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Harvesting intensity and increment in mountain forests

 

Background

An optimal management of mountain forests is economically viable, maintains and ensures the protection against natural hazards, creates good conditions for regeneration and maintains stand increment in the long-term at high levels. These requirements pose complex optimization tasks for managers. During the last 10 years, an increasing trend towards very strong interventions emerged, because this seems economically advantageous in the short-term. However, experience shows that these patch cuts remain free of regeneration for a long period. In the long run this practice could prolongate forest regeneration for many years and reduce timber growth. The aim of this research project is to estimate, for Norway spruce and silver fir-Norway spruce forests, if such disadvantageous impacts occur and if yes, at which magnitude. A simple tool will be developed that depicts the determining factors and allows quantifying increment losses.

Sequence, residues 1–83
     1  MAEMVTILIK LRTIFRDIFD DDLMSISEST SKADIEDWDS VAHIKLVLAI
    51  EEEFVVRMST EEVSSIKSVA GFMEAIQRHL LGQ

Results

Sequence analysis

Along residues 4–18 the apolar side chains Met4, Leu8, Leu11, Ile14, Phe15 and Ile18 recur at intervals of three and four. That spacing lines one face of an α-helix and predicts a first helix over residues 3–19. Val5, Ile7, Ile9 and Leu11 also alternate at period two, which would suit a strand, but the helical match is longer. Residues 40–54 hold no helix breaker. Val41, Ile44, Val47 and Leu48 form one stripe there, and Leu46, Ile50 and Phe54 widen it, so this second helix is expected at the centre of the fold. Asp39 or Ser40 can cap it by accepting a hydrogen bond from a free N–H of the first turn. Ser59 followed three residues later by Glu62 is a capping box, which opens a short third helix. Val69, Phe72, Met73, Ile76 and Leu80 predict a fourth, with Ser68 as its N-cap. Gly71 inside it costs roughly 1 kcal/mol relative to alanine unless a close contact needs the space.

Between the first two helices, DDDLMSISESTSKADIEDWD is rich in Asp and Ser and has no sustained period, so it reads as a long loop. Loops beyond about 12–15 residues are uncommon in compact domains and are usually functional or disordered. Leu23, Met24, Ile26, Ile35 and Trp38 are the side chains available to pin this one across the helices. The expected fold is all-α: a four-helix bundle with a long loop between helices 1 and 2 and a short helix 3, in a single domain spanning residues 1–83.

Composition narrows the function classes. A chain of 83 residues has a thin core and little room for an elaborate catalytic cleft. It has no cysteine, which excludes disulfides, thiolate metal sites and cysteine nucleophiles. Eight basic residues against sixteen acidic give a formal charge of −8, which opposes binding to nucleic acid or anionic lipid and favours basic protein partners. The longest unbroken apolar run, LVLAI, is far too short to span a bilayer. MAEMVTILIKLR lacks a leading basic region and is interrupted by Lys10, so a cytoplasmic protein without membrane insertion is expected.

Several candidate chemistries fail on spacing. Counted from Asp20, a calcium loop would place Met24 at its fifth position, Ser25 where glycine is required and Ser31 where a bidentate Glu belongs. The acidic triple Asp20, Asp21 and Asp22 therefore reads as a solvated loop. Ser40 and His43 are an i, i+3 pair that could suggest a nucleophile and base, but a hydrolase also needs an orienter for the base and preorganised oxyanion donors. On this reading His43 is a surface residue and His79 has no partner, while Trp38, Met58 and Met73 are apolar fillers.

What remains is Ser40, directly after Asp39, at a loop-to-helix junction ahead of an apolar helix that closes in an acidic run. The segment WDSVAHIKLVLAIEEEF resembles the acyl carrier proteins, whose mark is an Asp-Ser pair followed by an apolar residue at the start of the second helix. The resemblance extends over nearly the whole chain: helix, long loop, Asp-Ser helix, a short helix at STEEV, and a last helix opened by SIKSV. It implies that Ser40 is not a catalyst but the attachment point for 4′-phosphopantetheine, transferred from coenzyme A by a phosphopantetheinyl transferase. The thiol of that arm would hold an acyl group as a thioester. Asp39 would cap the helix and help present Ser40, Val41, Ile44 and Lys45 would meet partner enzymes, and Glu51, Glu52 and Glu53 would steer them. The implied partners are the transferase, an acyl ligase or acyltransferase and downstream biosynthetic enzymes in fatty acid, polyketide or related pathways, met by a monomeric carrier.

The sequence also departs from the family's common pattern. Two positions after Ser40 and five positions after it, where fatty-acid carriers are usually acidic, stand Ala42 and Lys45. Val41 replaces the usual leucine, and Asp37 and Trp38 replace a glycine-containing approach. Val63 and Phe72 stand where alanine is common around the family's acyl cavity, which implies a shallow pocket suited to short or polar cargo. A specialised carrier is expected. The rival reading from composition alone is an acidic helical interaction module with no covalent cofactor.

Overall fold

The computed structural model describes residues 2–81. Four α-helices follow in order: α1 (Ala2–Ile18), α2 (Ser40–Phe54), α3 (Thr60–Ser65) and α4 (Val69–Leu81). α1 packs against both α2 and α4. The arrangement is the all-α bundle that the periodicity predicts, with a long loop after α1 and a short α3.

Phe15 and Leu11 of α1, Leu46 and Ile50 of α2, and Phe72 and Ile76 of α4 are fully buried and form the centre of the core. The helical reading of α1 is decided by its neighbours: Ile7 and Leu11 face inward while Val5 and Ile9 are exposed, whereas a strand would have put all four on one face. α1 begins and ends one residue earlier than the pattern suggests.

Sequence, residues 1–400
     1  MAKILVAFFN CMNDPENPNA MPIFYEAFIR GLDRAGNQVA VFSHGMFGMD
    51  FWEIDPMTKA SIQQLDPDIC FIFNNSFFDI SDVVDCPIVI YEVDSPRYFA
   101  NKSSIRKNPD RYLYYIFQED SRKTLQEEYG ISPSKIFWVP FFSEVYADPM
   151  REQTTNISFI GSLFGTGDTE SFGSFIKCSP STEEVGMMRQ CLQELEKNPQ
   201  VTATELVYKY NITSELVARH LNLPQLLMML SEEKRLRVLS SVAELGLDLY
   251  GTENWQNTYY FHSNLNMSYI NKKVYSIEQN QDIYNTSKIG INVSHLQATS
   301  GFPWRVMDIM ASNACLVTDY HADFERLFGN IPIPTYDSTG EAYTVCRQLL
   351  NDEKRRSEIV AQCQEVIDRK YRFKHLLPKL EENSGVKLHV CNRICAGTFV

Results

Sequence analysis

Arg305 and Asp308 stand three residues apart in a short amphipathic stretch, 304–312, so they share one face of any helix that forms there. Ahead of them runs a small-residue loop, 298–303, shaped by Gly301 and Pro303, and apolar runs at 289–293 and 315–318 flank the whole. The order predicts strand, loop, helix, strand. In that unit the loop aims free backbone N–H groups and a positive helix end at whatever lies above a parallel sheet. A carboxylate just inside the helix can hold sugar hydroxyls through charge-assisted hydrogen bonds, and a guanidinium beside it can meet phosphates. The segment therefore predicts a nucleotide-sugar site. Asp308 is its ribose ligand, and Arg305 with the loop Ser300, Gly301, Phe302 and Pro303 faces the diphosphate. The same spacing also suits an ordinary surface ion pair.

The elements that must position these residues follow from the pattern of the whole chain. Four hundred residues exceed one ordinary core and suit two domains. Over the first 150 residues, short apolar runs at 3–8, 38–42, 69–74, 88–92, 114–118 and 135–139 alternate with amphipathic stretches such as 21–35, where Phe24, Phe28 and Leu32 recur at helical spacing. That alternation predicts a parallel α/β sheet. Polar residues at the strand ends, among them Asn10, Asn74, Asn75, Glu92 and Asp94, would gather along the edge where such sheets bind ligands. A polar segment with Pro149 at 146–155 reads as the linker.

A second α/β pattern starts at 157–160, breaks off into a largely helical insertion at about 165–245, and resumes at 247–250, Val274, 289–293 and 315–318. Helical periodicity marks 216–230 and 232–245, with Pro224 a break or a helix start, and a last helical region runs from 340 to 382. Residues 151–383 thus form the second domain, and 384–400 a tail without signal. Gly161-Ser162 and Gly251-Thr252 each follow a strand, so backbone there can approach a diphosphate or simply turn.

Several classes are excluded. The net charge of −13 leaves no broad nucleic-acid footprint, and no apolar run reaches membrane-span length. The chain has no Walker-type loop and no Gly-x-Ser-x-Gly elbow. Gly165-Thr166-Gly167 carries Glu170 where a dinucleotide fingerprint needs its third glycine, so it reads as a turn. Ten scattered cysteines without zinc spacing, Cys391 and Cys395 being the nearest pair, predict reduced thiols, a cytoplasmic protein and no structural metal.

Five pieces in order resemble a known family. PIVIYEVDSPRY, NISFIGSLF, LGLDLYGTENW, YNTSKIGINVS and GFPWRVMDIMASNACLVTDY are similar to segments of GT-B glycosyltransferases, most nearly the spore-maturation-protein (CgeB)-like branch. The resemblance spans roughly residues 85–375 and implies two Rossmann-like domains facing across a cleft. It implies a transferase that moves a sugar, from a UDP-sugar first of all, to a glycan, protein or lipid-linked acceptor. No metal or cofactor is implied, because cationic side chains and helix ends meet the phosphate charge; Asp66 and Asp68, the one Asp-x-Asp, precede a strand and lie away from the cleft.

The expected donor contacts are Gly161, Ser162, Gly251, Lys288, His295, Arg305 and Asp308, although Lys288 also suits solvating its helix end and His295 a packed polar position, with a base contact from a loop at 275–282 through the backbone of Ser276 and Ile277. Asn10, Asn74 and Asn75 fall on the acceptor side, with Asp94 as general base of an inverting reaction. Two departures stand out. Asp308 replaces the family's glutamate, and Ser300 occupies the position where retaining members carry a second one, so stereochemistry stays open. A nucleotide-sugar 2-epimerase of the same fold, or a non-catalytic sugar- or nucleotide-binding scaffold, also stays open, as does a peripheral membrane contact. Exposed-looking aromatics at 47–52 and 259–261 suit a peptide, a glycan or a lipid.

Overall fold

Research method

The increment of single Norway spruce trees will be estimated with statistical models, on the basis of permanent plot data. The existing data on tree growth will be supplemented with dendroecological methods gained in 6 to 10 case studies, to cover increment release reactions of spruce after strong interventions. In an empirical study the regeneration on cleared sites and on sites with selective management, with the last intervention before > 8 years, will be assessed. This should enable quantifying a possible delay of regeneration.

Project Partner